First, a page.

by Michael R. Allen
The building being demolished unfortunately could not be included in a recent Locust Street Automobile Row Historic District extension due to heavy alterations. While remaining sections of the building show a Spanish Revival facade of stucco and brick, the building was clad in metal paneling until very recently. The installation of the panels damaged the facade, and the owner — Scott Pohlman, who developed the residential building next door to the east — elected to demolish the building and build a new residential structure on the site.
In 1888, this was the site of the new First Christian Church building. The present building sections date to 1913 and 1919. A 1919 city directory shows Gill Piston Ring Company and Standard Roller Bearing as tenants. The tenant listing is not surprising; “Automobile Row” on Locus included perhaps more parts manufacturers and distributors than automobile dealers and distributors. Companies like these made St. Louis the “Second Detroit” (almost first).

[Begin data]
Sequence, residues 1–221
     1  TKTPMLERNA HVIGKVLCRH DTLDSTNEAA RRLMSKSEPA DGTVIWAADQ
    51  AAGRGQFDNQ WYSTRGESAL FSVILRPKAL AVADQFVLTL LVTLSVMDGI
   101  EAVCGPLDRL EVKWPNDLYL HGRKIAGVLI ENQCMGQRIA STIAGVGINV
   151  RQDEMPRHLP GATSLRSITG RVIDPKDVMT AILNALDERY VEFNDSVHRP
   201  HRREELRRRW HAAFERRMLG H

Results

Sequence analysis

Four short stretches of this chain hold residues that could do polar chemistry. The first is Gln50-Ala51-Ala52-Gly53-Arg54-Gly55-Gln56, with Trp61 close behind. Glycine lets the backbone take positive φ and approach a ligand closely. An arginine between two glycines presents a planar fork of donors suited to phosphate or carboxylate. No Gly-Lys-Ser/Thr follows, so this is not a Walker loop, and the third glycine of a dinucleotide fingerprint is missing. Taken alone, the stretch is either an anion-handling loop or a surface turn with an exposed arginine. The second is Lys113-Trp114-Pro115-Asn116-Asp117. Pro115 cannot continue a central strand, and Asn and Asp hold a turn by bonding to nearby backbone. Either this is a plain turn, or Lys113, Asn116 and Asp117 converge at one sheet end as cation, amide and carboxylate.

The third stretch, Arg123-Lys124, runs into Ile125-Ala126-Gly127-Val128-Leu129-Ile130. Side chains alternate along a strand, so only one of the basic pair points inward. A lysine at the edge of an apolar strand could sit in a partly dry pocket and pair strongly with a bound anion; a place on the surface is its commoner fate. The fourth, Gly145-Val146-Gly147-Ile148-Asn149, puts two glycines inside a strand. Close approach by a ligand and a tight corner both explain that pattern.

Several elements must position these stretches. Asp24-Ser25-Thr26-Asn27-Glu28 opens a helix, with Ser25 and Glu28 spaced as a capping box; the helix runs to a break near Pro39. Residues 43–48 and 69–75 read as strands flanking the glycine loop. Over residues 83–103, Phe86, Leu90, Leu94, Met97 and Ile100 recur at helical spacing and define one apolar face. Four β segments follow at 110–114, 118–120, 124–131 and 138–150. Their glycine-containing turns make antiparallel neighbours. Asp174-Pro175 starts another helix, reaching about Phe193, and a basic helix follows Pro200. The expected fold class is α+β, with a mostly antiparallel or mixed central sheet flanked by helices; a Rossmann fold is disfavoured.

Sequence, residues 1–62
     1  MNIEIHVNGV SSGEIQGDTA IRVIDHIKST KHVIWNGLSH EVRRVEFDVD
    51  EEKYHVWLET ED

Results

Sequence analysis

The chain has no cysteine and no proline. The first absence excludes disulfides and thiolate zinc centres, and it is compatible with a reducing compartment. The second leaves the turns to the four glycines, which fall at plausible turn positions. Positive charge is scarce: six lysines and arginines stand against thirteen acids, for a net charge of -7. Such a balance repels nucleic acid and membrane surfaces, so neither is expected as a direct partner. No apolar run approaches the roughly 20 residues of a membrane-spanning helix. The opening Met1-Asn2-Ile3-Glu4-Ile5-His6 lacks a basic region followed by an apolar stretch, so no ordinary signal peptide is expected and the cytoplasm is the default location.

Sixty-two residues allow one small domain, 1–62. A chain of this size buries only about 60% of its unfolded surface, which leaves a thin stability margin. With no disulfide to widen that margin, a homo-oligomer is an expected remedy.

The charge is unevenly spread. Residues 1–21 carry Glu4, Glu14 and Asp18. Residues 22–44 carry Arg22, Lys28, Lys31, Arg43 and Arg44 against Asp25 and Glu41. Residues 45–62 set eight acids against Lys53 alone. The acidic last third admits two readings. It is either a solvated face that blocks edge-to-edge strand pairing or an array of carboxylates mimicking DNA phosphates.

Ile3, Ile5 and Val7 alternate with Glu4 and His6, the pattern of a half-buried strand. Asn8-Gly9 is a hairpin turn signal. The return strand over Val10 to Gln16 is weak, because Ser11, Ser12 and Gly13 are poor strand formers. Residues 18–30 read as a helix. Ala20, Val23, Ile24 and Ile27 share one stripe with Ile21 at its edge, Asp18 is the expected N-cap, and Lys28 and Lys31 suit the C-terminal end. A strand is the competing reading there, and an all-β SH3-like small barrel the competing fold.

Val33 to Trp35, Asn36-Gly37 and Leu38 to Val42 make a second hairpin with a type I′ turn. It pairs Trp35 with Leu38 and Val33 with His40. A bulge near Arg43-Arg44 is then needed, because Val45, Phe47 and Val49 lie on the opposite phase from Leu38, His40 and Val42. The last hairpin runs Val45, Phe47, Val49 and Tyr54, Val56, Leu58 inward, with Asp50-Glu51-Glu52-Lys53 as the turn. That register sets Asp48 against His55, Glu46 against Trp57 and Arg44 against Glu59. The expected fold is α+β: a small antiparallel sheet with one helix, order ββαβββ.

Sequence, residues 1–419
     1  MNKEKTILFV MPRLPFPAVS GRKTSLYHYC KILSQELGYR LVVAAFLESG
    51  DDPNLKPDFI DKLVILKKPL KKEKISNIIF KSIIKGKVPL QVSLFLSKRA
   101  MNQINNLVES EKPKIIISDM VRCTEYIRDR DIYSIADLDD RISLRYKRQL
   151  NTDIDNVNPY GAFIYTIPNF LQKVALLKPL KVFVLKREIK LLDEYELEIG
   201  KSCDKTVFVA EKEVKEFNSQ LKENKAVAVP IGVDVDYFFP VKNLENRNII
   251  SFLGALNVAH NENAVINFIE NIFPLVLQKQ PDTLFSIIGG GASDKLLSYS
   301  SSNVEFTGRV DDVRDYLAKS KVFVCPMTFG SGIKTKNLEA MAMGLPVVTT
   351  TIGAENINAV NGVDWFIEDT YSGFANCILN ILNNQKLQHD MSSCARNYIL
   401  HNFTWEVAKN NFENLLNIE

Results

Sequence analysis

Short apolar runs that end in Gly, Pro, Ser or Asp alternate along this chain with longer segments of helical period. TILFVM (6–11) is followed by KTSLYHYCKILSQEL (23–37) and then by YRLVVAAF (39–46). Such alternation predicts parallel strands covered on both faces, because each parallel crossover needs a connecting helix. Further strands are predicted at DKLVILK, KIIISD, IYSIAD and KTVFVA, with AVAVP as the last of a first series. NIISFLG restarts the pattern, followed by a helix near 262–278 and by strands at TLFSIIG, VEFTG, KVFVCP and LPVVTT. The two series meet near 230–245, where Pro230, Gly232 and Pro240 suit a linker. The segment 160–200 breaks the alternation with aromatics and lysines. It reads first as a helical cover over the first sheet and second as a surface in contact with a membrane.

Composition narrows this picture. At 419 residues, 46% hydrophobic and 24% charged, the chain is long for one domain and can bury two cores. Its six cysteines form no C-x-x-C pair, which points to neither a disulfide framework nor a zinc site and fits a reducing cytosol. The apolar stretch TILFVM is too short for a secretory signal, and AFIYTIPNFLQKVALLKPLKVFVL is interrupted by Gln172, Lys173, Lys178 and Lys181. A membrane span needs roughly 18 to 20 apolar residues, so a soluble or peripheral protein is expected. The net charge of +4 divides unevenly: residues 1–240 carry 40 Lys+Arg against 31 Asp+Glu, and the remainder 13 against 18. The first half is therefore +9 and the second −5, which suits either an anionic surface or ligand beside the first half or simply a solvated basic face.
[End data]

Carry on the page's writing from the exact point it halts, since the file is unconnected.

While 3126 Locust may have been salvaged, and I think it could have been, at least there is a redevelopment plan leading to a beneficial trade-off. There have been too many parking lots added in recent years, especially by St. Louis University — which makes no secret that parking, not development, is its end goal.